2. Stabilise banks using materials such as geotextiles and revegetation. These provide the support to reduce erosion whilst providing more natural habitats. Brushwood mattresses are also useful for stabilisation and can act to capture sediments entering the lake. Tree/shrub planting around the lake is also essential in reducing wind erosion and will further support bank stability. Trees also provide shade, habitat and a food source when shedding invertebrates into the lake.
  3. Add interest within the lake. This can be provided with island creation or floating islands and predator avoidance structure. This will add further diversity and interest to the lake and provide refuge for fish to aid predator avoidance.
  • Monitoring should continue to be a vital tool in fisheries management. Continued chemical, biological and habitat assessment will gauge the success of fishery management and guide further improvements.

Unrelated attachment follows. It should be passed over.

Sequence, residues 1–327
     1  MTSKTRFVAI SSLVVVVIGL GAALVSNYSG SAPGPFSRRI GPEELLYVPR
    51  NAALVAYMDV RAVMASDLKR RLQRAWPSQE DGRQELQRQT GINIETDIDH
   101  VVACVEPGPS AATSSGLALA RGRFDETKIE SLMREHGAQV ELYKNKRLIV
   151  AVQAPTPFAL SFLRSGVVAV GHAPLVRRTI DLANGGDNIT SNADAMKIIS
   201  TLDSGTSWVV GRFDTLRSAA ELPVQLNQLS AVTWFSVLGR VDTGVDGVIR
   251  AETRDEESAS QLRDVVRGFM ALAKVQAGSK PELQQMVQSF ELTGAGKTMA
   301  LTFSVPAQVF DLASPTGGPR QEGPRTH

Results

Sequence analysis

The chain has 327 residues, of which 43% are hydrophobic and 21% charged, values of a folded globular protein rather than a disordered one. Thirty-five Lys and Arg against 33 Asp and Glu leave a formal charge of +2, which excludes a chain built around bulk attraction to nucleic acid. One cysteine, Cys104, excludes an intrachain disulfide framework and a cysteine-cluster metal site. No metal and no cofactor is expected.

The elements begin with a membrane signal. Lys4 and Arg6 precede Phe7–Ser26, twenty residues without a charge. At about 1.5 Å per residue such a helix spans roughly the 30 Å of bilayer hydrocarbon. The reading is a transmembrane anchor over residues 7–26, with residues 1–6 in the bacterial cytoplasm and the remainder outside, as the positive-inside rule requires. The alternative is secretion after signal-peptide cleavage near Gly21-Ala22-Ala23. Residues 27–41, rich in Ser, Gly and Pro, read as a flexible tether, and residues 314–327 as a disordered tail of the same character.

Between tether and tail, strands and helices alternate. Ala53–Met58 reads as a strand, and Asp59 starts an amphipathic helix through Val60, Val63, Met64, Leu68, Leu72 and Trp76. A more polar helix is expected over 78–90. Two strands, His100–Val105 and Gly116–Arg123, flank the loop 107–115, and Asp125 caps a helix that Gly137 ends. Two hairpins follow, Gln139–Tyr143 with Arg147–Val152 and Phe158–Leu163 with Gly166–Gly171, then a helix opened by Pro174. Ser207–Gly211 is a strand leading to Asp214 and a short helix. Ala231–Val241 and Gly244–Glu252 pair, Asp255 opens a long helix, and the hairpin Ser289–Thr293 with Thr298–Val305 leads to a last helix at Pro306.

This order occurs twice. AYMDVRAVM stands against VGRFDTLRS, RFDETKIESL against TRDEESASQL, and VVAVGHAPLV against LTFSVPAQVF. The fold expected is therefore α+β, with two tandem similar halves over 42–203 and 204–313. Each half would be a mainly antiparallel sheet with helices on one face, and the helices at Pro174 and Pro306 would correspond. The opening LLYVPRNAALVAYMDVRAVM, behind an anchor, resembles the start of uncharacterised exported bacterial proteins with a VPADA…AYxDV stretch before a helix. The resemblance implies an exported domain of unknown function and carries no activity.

• Once all or some of these measures have been carried out it is essential to give the fishery time to adjust. This may take longer than anglers are prepared to wait, but the message should go out to anglers that the long-term aim of supporting a sustainable fishery far out ways a short-term fix. Following a settling period, if catches still remain low, further surveys can be carried out to ascertain stock density and at this point small scale stockings may be sensible fisheries management.

Whenever carrying out stock assessments/stocking it is essential the correct permits are in place for introductions, use of equipment other than rod and line and when supplying fish.

I hope this helps with your fishery, tight lines…….